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EVAWI > Resources > Best Practices > Advocacy
Advocates and Law Enforcement: Oil and Water?

This article explores the tension that is sometimes experienced between law enforcement and victim advocates in the community. It offers a detailed description of the advocate’s role during the criminal justice process, with particular focus on their involvement during forensic exams or interviews. Next, the article addresses the fact that many law enforcement officers, forensic examiners, and other community professionals are reluctant to involve advocates in the process, so we address some of the common factors underlying this reluctance and offer strategies to resolve them. The article originally appeared in the electronic newsletter for Sexual Assault Training & Investigations (SATI), Inc. It was then subsequently published in Sexual Assault Report, Vol. 11, No. 6, pp. 81-82, 86-95 by the Civic Research Institute.

Effective Victim Advocacy Within the Criminal Justice System

A training module on Effective Victim Advocacy within the Criminal Justice System is also available in the OnLine Training Institute (OLTI). This module offers detailed guidance on the role of community-based and system-based victim advocates, specifically for work that intersects with the criminal justice system.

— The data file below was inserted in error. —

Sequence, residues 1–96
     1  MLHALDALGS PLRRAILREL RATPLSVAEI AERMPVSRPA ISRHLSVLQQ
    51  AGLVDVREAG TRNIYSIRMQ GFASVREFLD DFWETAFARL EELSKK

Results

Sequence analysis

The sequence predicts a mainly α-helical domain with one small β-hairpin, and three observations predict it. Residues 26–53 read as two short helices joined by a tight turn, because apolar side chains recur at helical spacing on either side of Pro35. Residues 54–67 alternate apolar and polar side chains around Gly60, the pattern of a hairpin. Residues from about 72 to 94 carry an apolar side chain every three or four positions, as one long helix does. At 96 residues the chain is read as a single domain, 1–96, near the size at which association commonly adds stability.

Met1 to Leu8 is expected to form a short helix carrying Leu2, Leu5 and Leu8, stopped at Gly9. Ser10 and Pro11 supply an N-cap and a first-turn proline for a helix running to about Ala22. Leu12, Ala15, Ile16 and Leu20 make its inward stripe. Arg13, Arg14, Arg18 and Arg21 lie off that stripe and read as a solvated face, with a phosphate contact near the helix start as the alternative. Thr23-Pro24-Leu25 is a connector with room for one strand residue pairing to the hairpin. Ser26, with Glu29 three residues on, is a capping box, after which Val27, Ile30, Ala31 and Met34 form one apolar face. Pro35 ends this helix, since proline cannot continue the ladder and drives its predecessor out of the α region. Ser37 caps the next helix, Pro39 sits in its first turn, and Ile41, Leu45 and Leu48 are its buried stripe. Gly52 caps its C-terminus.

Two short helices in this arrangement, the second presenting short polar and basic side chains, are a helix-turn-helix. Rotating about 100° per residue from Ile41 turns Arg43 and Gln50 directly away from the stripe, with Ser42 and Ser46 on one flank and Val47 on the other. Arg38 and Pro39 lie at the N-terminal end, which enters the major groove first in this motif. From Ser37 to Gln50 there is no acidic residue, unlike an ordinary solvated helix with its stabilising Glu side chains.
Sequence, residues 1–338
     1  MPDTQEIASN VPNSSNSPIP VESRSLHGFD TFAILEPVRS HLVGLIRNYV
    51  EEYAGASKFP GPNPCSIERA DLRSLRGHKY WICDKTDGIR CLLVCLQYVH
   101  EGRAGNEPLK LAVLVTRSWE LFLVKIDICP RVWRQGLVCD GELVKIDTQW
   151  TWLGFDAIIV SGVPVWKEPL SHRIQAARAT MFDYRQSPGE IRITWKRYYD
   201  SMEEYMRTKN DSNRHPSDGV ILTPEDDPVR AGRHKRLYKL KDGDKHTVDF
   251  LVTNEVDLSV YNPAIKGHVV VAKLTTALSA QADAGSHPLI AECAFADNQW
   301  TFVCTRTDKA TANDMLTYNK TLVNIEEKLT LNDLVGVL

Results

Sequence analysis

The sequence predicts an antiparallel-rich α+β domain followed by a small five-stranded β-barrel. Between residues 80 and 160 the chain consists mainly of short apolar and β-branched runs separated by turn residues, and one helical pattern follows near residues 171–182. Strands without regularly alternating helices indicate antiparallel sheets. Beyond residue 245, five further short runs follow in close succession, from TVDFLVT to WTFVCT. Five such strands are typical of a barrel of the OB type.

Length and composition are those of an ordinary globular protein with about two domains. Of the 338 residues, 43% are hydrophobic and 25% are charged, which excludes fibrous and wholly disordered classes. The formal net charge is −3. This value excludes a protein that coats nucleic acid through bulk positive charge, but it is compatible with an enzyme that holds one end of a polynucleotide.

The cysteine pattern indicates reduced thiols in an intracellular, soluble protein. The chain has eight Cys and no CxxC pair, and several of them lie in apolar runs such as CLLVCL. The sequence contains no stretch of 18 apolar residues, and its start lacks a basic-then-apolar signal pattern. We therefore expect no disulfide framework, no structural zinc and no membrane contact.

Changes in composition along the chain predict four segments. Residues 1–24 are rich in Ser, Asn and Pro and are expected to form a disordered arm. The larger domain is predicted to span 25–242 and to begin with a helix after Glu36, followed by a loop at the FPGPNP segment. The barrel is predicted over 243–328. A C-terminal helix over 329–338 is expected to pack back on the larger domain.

Advocates and Confidentiality

The National Network to End Domestic Violence (NNEDV) created an online Technology & Confidentiality Resources Toolkit that addresses common questions that agencies and advocates who work with survivors of domestic violence, dating violence, sexual assault, and stalking frequently have regarding confidentiality and the release of information. The National Crime Victim Law Institute has a publication available on confidentiality titled: “Confidentiality and Sexual Violence Survivors: A Toolkit for State Coalitions.”

Advocates as Expert Witnesses

RTI International has created an online training course on "How to be a Good Expert Witness."

Notification of Advocates

The New Jersey Office of the Attorney General offers an example of a community-wide protocol for notifying advocates is seen in the “Standards for Providing Services to Victims of Sexual Assault.”

Presence of Advocates During Exam

A legal compilation is available from AEquitas: The Prosecutors’ Resource on Violence Against Women, to summarize the statutes pertaining to the presence of a victim advocate during the medical forensic examination. Please visit their website to request the most up to date compilation.

Release of Information

The National Network to End Domestic Violence (NNEDV) prepared a resource providing detailed information on survivor confidentiality and release waivers entitled, "Frequently Asked Questions on Survivor Confidentiality Releases."

Training for Advocates

The Office for Victims of Crime offers their Victim Assistance Training Online (or VAT Online), which they describe as “a basic victim advocacy web-based training program that offers victim services providers and allied professionals the opportunity to acquire the basic skills and knowledge they need to better assist victims of crime. Specific information is also provided to meet the needs of target populations.”

The Advocacy Manual published by the California Coalition Against Sexual Assault in 1999 offers a thorough description of the criminal justice system that can provide a useful overview for advocates in any state.